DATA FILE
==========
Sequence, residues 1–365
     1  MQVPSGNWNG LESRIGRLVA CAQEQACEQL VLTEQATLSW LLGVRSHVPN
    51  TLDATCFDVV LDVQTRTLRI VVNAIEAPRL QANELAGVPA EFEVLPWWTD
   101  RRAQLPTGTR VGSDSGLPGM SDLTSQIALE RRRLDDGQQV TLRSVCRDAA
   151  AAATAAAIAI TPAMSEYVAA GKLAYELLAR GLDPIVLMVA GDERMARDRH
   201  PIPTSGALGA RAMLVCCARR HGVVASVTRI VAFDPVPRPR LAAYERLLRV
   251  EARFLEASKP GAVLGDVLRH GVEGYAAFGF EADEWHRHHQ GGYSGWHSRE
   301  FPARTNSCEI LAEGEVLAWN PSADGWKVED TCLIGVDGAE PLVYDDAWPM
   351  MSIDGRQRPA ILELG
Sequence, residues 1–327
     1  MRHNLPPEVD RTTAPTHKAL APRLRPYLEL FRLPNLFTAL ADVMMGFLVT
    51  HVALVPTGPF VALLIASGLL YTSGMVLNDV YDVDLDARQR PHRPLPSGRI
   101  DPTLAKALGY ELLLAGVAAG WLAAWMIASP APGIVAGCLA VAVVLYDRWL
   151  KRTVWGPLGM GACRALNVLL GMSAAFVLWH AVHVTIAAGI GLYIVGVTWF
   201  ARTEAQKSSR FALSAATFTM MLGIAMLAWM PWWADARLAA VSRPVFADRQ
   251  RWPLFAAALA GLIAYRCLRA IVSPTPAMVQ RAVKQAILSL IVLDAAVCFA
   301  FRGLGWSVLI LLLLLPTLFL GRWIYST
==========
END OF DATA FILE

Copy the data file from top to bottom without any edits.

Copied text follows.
Sequence, residues 1–365
     1  MQVPSGNWNG LESRIGRLVA CAQEQACEQL VLTEQATLSW LLGVRSHVPN
    51  TLDATCFDVV LDVQTRTLRI VVNAIEAPRL QANELAGVPA EFEVLPWWTD
   101  RRAQLPTGTR VGSDSGLPGM SDLTSQIALE RRRLDDGQQV TLRSVCRDAA
   151  AAATAAAIAI TPAMSEYVAA GKLAYELLAR GLDPIVLMVA GDERMARDRH
   201  PIPTSGALGA RAMLVCCARR HGVVASVTRI VAFDPVPRPR LAAYERLLRV
   251  EARFLEASKP GAVLGDVLRH GVEGYAAFGF EADEWHRHHQ GGYSGWHSRE
   301  FPARTNSCEI LAEGEVLAWN PSADGWKVED TCLIGVDGAE PLVYDDAWPM
   351  MSIDGRQRPA ILELG
Sequence, residues 1–327
     1  MRHNLPPEVD RTTAPTHKAL APRLRPYLEL FRLPNLFTAL ADVMMGFLVT
    51  HVALVPTGPF VALLIASGLL YTSGMVLNDV YDVDLDARQR PHRPLPSGRI
   101  DPTLAKALGY ELLLAGVAAG WLAAWMIASP APGIVAGCLA VAVVLYDRWL
   151  KRTVWGPLGM GACRALNVLL GMSAAFVLWH AVHVTIAAGI GLYIVGVTWF
   201  ARTEAQKSSR FALSAATFTM MLGIAMLAWM PWWADARLAA VSRPVFADRQ
   251  RWPLFAAALA GLIAYRCLRA IVSPTPAMVQ RAVKQAILSL IVLDAAVCFA
   301  FRGLGWSVLI LLLLLPTLFL GRWIYST